Digital marketing gurus tout topic clusters as “the next evolution of SEO,” “the new keywords” and “an earth-shattering evolution” in online marketing.
In the topic-cluster model, a single “pillar” page acts as the main hub of content for an overarching topic. Multiple pages related to that topic link to the pillar page and to each other.
The link organization signals to search engines that the pillar page is an authority on the topic, causing the page to rank higher over time for its particular topic. The structure also allows search engines to crawl websites more easily, prompting better rankings.
Many companies are quietly reconfiguring their webpages to adopt the topic cluster strategy, asserts Mimi An, who leads market research and competitive intelligence at HubSpot. A HubSpot experiment, An notes, showed that more inter-linking improves search results and increased page views.
The topic-cluster model adapts to the latest changes in search engine algorithms. Instead of entering fragmented keyword queries to search engines, people now tend to enter complete, often complex, questions. Search engines updated their algorithms in response to those changes in consumer search behavior. Search engines can return better results by understanding the context and intent of users’ search queries by analyzing past searches, understanding synonyms and comprehending natural language. SEO, digital PR and marketing personnel are revamping their tactics to stay abreast with the latest search algorithms.
Not a Passing Fad
Are topic clusters just a passing fad?
“I don’t see this as a passing fad but more so an evolution of how smart marketers are responding to search engine updates,” writes Winston Chenery at Whittington Consulting.
But, as with any marketing tactic, your results with topic clusters will only be as good as your strategy, Chenery says. Success with topic clusters requires proper user research, organization, and commitment.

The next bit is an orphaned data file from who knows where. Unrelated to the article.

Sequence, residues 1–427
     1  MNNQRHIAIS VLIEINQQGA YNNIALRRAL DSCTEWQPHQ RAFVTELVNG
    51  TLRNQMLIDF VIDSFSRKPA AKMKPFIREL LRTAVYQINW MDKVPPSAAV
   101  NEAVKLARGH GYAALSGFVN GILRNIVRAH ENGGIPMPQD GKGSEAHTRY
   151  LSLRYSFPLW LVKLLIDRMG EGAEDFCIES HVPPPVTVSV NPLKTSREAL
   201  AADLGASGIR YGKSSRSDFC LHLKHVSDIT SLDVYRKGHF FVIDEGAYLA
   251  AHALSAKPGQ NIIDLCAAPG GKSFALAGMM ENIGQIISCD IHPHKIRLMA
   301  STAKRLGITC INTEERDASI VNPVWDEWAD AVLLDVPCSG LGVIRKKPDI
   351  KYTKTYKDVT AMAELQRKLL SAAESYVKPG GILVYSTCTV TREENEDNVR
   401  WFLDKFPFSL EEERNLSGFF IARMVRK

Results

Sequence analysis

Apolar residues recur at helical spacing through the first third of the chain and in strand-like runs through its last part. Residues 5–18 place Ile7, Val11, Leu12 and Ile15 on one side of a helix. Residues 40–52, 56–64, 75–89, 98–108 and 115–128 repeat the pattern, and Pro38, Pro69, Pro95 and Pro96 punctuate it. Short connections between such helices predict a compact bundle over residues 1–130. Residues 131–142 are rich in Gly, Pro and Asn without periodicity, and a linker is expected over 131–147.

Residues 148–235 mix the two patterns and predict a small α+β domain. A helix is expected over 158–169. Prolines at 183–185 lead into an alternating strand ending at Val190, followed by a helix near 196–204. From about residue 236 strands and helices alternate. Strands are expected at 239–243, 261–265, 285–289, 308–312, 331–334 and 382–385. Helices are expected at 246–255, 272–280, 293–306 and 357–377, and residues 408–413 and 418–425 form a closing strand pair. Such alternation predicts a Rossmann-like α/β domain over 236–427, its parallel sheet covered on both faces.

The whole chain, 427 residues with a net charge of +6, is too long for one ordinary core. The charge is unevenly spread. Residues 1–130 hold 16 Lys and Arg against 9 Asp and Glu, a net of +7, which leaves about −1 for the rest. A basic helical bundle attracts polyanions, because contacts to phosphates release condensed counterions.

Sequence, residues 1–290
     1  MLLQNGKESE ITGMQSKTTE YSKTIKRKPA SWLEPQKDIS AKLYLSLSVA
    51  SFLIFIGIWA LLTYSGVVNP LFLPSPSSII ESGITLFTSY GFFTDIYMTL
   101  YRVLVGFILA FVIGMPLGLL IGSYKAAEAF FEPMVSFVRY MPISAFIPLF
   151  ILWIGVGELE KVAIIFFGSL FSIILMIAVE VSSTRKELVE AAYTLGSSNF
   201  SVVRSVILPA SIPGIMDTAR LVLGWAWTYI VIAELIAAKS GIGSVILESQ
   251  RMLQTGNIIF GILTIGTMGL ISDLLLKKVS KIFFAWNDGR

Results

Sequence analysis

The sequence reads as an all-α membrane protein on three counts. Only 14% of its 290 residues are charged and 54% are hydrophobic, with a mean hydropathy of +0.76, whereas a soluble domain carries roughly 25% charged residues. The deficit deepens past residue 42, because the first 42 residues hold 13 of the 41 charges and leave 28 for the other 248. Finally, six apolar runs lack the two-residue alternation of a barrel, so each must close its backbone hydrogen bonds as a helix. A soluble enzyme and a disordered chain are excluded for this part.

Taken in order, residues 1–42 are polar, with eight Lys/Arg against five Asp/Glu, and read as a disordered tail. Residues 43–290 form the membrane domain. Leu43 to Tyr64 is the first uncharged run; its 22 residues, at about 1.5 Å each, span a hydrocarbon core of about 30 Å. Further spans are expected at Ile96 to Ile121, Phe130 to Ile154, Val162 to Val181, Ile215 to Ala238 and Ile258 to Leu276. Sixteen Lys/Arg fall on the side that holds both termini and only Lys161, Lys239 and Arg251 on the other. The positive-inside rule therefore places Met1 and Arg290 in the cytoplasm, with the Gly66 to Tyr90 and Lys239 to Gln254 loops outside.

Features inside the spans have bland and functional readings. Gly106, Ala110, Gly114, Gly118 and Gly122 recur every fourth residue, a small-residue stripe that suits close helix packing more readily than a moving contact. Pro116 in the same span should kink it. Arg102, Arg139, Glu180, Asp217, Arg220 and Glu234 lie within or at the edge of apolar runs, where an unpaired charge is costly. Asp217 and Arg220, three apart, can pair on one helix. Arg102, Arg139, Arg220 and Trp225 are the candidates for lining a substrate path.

Steps to Creating Topic Clusters
Instead of first listing keywords to target, list topics or “pillars” associated with your product, says Drew Fortin at HubSpot. Then list long-tail keywords associated with those particular topics with the help of a keyword research tool. About five to ten long-tail keywords can support each pillar.
Build pages for each topic and write blog posts that focus on a long-tail keyword and link to the pillar topic page. That will enable the entire cluster to gain traffic when a post performs well in search results. Remember to blog primarily for your audience, not search engines, Fortin says. Avoid keyword stuffing: Not more than three or four mentions of the long-tail keyword per post.
To organize and create topic clusters, map out five to ten core problems your customer faces. Use surveys, interviews and secondary research within online communities to gather the data if needed. Group each of the problems into broad topic areas.
Cover the overarching topic in great detail on the pillar page. The more helpful and in-depth the content, the better, Chenery says. Address more niche, long-tail topics that are less competitive in blog posts that link to the pillar page.
Add links from pillar pages to blog posts to ensure they won’t get lost in the blog. This helps increase traffic to the posts.
Consider creating a spreadsheet to track content, links and keywords within a topic cluster.
Link posts with each cluster to boost SEO. “By providing more links and relevant content, you are encouraging researchers to keep clicking through your website,” advises Danielle Russell for the Builder Funnel blog. “You are building a web of relevant content.”
Track and analyze. After you’ve created a topic cluster, connect it to a campaign to track your marketing efforts. This will allow you to analyze how a specific topic cluster performs in terms of leads and traffic and help reveal how many leads the topic drives, says Myriah Anderson at Impact Branding.
Bottom Line: The topic-cluster website structure can substantially improve search engine results and page views. Some digital marketers praise the strategy as the next evolution in SEO. While it may not be earth-shattering, even skeptics may wish to consider the tactic. To be effective, it requires extensive research, top-notch writing and detailed organization.
William J. Comcowich founded and served as CEO of CyberAlert LLC, the predecessor of Glean.info. He is currently serving as Interim CEO and member of the Board of Directors. Glean.info provides customized media monitoring, media measurement and analytics solutions across all types of traditional and social media.